Those results are remarkably similar to the correlations reported in a 2010 study that found that people don't get happier after $75,000 a year.
That study analyzed data from the Gallup Organization in the Gallup-Healthways Well-Being Index (GHWBI). It's a lower number because researchers in that case used a single person's income rather than the family income used by Clingingsmith.
While the 2010 study found that three different measures of positive emotion (or lack of negative emotion) saw rapid improvement that slowed to nothing around $75,000, it also looked at a fourth metric that continued to rise far after that point.
That metric was "life evaluation" — a scale that asks the respondent to rate his or her life from 0, "the worst possible life for you," to 10, "the best possible life for you." It can be thought of as a measurement of how a person judges the success of their own life, rather than the feelings they experience while living it.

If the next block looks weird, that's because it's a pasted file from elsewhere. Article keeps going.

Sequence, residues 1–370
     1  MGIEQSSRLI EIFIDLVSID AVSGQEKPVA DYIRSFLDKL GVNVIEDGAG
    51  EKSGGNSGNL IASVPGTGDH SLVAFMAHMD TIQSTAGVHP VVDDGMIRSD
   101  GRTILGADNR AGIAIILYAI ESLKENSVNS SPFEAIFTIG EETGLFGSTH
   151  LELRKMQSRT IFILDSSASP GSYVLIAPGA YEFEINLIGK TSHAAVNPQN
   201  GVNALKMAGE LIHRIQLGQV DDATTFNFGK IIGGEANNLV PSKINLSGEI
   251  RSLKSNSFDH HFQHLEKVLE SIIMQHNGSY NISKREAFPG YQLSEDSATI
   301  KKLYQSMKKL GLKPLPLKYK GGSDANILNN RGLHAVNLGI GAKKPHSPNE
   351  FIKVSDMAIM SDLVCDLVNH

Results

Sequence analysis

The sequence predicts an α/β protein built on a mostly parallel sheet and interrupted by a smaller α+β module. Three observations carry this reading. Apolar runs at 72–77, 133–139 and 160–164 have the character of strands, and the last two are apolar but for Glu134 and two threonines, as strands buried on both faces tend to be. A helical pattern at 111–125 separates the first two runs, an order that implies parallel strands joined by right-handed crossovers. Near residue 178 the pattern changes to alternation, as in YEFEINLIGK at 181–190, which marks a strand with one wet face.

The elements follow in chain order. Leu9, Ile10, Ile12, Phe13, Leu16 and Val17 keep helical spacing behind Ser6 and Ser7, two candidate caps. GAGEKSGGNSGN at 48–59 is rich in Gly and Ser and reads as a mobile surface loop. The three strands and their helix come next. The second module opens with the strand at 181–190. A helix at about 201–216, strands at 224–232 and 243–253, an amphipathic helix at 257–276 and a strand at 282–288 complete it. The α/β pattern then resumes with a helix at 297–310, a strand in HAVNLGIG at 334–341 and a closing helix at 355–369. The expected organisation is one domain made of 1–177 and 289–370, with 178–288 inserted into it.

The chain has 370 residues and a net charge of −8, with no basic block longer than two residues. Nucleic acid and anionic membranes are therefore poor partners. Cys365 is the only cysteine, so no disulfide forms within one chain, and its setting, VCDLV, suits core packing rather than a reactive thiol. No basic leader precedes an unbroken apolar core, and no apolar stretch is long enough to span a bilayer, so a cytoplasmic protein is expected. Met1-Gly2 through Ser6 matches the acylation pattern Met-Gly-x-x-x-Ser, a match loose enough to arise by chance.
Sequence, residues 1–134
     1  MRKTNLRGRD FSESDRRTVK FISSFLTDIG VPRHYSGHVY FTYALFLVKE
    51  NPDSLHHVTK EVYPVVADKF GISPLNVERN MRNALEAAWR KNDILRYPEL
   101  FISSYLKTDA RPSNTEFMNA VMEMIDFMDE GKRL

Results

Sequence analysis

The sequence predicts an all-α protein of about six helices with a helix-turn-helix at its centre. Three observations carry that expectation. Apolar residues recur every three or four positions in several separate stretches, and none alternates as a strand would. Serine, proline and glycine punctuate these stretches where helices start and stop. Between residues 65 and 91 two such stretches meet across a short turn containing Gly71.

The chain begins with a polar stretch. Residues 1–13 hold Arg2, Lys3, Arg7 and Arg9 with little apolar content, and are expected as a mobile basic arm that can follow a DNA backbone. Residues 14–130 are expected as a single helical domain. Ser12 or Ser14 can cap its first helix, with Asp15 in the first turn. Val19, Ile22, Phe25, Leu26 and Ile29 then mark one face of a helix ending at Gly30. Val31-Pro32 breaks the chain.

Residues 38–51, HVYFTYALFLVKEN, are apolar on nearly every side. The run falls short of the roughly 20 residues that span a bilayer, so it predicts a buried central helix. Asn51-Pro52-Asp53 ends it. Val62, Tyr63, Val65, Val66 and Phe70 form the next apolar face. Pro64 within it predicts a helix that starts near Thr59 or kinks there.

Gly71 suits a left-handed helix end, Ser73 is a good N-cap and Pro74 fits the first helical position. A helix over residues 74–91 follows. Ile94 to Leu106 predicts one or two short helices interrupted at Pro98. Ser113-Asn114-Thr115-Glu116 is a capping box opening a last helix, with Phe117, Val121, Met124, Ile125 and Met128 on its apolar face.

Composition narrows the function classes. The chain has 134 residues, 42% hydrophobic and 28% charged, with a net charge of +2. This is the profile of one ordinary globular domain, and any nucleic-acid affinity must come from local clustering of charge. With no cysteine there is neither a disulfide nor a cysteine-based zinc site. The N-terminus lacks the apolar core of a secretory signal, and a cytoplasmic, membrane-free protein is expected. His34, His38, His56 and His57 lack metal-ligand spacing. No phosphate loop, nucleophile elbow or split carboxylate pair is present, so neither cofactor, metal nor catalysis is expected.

That measure seems to be more sensitive to socioeconomic status, the authors noted. People naturally compare their lives and incomes to others', and even if they experience no negative emotions they may yearn for and be more satisfied with higher pay far beyond the level they would need to avoid pain or afford leisure.
"That comparison between yourself and other people is really important for one's sense of well-being," said Clingingsmith. "If I'm a trader and making $300,000 at a firm where everyone else is making $450,000, that may feel different."